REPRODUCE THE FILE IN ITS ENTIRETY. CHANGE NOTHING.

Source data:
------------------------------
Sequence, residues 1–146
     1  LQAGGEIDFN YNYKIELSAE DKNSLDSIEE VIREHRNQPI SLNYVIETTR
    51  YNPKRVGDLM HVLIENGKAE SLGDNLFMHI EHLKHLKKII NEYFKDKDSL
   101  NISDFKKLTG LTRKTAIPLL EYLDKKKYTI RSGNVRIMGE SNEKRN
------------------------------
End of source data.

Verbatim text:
Sequence, residues 1–146
     1  LQAGGEIDFN YNYKIELSAE DKNSLDSIEE VIREHRNQPI SLNYVIETTR
    51  YNPKRVGDLM HVLIENGKAE SLGDNLFMHI EHLKHLKKII NEYFKDKDSL
   101  NISDFKKLTG LTRKTAIPLL EYLDKKKYTI RSGNVRIMGE SNEKRN